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Visit biografmuseet.dk about Danish cinemas


The Last Valley

The 70mm Newsletter
Written by: Udo Heimansberg, Düsseldorf, Germany Date: 20.11.2008
Udo Heimansberg introducing "The Last Valley" in Karlsruhe, 2008. Image by Thomas Hauerslev

James Clavell (whose real name was Charles Edmund DuMaresq de Clavelle) was born in Sydney on 10th of October 1924 and died in 1994. It was in 1954, after his time in the army, that he began to write screenplays. These included such classics as “The Fly“ (1958) with Vincent Price, “The Great Escape” (1962) with Steve McQueen, and “King Rat” (1964) with George Segal. His first work as director was the immensely successful “To Sir With Love“ (1967). Besides directing, he also produced this film and wrote its screenplay. He continued to combine all these roles on two more films “Where's Jack“(1969) with Tommy Steele, and, in 1970, “The Last Valley“. However, after the box-office failure of both these latter films he turned to devote himself exclusively to writing: His novels “Shogun“, “Tai-Pan“ and “Noble House“ placed him among the world’s most celebrated authors of best-sellers. His novels were successfully filmed- but now he contented himself with providing the books on which the films were based!

“The Last Valley“ was first shown in German cinemas in 1971. Although it had been filmed in 70mm, only 35mm copies (Technicolor print copies!) were used to present it. Ticket sales were abysmal – a fate suffered also, at this time, by many other films of this type. In Germany, the blockbusters of the day were “Easy Rider“, “Woodstock“, “The Graduate“, “M*A*S*H“, and “Catch 22“ along with the works of such New German Cinema directors as Fassbinder, Schloendorff, and the Schamoni brothers. The French Nouvelle Vague and the New British Cinema of the 60’s had also by now acquired an audience in Germany. In this climate, the more intellectual among the film critics tended to display a positively allergic reaction to films made in the “monumental” style – a category which included “Ryan’s Daughter”, “Waterloo”, “Cromwell” and, very decidedly, “The Last Valley”.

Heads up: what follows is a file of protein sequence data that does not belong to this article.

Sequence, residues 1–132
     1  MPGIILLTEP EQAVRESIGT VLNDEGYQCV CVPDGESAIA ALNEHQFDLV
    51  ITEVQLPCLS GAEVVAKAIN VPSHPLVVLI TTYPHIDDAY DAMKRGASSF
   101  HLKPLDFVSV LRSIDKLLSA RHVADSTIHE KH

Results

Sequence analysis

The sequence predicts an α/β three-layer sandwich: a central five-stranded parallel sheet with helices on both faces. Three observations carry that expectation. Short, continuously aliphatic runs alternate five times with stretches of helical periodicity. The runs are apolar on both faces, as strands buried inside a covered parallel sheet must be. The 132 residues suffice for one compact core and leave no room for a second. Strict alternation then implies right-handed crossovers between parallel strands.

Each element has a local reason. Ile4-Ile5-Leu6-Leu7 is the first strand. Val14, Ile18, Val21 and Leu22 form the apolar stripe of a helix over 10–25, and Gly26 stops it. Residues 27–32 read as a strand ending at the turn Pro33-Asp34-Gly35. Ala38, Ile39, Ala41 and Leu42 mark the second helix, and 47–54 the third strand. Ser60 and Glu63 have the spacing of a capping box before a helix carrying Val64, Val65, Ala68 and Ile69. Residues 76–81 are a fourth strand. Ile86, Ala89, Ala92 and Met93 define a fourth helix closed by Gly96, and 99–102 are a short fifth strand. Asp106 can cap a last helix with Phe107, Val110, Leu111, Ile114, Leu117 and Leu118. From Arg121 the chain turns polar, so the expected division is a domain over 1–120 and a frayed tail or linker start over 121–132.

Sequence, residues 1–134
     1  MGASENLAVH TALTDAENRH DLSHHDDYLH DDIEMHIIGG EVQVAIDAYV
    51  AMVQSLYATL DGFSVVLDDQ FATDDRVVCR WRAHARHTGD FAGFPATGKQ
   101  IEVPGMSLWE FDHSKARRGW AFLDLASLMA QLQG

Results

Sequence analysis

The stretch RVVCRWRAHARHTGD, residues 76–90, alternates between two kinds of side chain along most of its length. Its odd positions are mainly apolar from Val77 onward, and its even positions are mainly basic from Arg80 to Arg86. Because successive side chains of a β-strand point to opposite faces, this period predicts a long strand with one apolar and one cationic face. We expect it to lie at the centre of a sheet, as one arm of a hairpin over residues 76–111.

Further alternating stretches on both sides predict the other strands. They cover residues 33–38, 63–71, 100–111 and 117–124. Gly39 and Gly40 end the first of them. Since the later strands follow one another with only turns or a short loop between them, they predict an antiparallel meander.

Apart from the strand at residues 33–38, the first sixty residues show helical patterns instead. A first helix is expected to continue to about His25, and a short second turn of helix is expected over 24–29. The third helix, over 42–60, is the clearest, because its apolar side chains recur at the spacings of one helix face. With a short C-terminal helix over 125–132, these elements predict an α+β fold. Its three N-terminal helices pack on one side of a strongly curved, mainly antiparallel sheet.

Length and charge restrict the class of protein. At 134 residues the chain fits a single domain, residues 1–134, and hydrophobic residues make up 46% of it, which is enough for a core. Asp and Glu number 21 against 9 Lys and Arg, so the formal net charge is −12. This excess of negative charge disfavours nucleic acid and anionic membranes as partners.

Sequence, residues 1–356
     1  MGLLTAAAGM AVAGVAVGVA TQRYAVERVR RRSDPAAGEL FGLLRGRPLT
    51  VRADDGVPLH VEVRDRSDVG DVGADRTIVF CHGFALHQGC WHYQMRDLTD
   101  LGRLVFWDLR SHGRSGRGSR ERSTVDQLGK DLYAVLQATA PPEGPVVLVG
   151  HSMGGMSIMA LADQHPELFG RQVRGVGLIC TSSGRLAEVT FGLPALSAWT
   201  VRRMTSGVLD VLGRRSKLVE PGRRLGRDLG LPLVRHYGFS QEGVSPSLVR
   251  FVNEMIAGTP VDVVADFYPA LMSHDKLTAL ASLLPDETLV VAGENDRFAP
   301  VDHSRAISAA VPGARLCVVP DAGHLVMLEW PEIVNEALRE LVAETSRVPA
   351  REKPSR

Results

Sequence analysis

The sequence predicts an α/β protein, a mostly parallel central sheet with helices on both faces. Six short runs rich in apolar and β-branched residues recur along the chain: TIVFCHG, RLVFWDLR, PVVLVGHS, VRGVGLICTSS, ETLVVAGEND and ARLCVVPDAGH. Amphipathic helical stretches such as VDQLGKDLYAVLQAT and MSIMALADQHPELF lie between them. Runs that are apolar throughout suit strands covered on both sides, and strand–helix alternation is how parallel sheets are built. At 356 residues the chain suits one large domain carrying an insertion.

Neither, however, was this genre of film finding much resonance any longer among the general, non-intellectual cinema-going public. The only successful Cinerama film of the day was Kubrick’s “2001: A Space Odyssey” – and even this success had looked uncertain at the start. The last two films filmed in Cinerama, however – “Krakatoa” and “Custer of the West” – were unequivocal disasters both commercially and artistically, and their failure served to bury along with them the film format that had been used to make them.

”The Last Valley“ was to remain for many years the last film made in Todd-AO, which fell into a kind of “coma” as a film process after the failure of Clavell’s film. Whereas, however, the decidedly trashy nature of “Krakatoa” and “Custer” had certainly made a key contribution to the demise of the film process used to make them, nothing of the sort could fairly be said of “The Last Valley”.
More in 70mm reading:

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Victor Young

Internet link:

It has been written of the novelist James Clavell that:

“The real protagonists of his novels are not the human figures who act in them but rather the time and place in which they act. “(Wikipedia)

This certainly holds true also of “The Last Valley“. The time is the Thirty Years’ War (1618 – 1648), a war of religion and a complicated manoeuvring for military and political advantage among the European powers of the day. A dark time of denunciations, witch-hunts and epidemic disease. The film begins in 1641, in the 23rd year of the war.

The place is an idyllic valley somewhere in Germany, protected from the war by its inaccessibility.